Recap: After partying with Silenus for ten days (whew), Midas returns the satyr to Dionysus and is granted one wish. His choice? That everything he touches turns into gold. It works out well for him until he realizes that everything he tries to eat also turns to gold. He begs Dionysus for help, and Dionysus sends him to bathe in the river Pactolus, which finally frees him of the golden touch.
If you judge Midas based on his actions during the story, you'll probably be forced to decide that he's an idiot. He's a nice idiot, yes, but he's still an idiot. But you know what? We think it's kind of unfair to look at him that way. Why? Well, we're glad we asked.
You see, we might call it the story of King Midas, but it isn't actually about King Midas. It's about greed. King Midas is just a tool used to teach us about the dangers of being greedy. Fancy people call this kind of story a parable: a short story with an obvious moral or life lesson. You've probably heard plenty of 'em in your day.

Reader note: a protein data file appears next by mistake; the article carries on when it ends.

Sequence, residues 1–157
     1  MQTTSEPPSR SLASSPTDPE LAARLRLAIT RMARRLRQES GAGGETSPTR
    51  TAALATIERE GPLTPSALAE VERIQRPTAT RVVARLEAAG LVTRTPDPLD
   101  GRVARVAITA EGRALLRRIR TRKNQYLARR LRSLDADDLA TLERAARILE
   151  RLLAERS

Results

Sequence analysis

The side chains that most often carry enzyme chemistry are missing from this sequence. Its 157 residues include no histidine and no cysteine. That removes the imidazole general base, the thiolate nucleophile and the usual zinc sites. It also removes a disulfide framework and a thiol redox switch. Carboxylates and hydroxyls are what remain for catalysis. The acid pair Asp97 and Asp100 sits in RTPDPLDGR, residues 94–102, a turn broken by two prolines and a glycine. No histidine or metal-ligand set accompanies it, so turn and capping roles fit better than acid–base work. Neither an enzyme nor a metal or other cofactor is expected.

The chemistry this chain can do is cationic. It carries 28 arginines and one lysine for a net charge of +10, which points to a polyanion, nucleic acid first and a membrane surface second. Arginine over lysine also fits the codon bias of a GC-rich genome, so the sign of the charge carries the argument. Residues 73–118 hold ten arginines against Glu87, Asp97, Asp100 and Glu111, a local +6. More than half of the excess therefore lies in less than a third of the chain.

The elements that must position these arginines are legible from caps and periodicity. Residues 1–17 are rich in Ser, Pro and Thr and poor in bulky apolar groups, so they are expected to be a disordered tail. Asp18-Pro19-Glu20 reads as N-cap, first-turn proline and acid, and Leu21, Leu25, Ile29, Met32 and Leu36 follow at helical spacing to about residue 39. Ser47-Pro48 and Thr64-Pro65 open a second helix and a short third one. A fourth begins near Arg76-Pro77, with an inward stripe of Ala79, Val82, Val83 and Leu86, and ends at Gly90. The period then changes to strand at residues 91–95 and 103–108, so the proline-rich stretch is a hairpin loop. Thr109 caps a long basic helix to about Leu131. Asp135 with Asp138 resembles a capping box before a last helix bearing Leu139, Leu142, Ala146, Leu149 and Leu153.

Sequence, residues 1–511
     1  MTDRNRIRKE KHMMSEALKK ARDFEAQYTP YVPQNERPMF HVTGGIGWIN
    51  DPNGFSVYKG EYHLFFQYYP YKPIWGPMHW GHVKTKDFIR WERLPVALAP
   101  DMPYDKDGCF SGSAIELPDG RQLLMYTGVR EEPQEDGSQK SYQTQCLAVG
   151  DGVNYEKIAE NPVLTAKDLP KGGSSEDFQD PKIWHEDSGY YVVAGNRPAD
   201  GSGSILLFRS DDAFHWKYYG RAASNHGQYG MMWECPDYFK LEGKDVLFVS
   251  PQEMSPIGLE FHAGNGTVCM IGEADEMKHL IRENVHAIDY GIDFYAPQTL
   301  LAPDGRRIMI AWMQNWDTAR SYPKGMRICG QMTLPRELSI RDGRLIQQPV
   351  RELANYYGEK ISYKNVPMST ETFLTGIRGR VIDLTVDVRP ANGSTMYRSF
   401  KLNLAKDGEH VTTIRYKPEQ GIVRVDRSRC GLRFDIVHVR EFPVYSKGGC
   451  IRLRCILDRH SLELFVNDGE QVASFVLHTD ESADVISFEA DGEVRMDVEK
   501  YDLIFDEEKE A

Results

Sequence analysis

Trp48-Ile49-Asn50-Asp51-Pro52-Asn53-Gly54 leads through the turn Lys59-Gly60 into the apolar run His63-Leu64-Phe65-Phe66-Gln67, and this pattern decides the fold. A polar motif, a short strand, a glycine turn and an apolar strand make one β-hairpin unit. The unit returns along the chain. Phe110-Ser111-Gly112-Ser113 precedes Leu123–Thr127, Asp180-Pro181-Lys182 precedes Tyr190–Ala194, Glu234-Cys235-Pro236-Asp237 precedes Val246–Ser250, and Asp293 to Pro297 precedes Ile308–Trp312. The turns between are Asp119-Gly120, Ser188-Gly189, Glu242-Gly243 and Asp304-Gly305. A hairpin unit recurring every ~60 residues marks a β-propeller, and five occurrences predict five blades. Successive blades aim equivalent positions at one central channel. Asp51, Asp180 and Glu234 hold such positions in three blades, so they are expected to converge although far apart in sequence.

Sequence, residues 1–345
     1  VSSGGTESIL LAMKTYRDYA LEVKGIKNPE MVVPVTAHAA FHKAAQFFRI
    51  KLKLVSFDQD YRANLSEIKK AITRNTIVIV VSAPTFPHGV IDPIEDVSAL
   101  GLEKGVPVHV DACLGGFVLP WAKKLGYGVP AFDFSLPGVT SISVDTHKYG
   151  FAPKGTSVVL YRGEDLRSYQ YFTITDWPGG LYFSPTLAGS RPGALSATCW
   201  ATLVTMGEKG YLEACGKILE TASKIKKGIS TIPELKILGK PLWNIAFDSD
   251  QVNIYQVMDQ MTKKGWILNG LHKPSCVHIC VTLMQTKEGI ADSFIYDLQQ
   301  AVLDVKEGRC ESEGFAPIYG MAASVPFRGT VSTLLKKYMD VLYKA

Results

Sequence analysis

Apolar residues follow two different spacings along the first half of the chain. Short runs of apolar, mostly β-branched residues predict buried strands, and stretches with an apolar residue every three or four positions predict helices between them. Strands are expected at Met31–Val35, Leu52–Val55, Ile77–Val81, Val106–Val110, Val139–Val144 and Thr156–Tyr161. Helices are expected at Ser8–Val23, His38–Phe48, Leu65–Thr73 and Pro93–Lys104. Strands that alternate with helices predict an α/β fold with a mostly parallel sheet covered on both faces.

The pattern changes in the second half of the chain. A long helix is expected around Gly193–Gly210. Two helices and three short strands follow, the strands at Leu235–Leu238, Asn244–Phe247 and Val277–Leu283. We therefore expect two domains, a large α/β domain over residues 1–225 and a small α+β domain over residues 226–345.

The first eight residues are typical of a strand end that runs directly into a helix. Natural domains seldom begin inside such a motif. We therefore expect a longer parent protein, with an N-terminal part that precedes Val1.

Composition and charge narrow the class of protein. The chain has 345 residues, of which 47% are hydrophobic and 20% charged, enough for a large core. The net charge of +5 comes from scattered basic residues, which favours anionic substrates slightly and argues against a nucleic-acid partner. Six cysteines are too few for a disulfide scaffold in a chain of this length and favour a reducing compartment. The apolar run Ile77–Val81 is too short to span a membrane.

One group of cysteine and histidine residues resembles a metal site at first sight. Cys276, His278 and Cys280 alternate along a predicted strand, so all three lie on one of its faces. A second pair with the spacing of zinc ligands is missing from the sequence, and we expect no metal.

So how do we deal with a character that's been set up to teach a moral lesson? Simple. We recognize that he's been set up to teach us a lesson. Instead of trying to judge Midas like a regular character, we can judge him as a rhetorical tool. Let's do just that.
Is Midas effective in teaching us about greed?
Well, he does make a greedy wish, and his greedy wish gets him into a lot of trouble. So he does seem to suggest that greed is bad. But he also escapes his doom pretty easily. All he has to do is beg Dionysus for help. Is the lesson, then, that recognizing your own faults leads to being saved? Or do we learn that we can be as greedy as we want as long as we apologize later?
What do you think?
P.S. King Midas was a real dude. He probably never turned stuff into gold, but he ruled over an area in Asia called Phrygia sometime during the 8th century BCE. Myths and stories about him began to pop up later about 300 years later, and in addition to Ovid, the story of Midas has been covered by a ton of authors including
- Geoffrey Chaucer, the first poet to be successful writing in the English language.
- John Dryden, whose poetry dominated late-17th-century England.
- And Nathaniel Hawthorne, the dude who wrote The Scarlet Letter.
Not too shabby.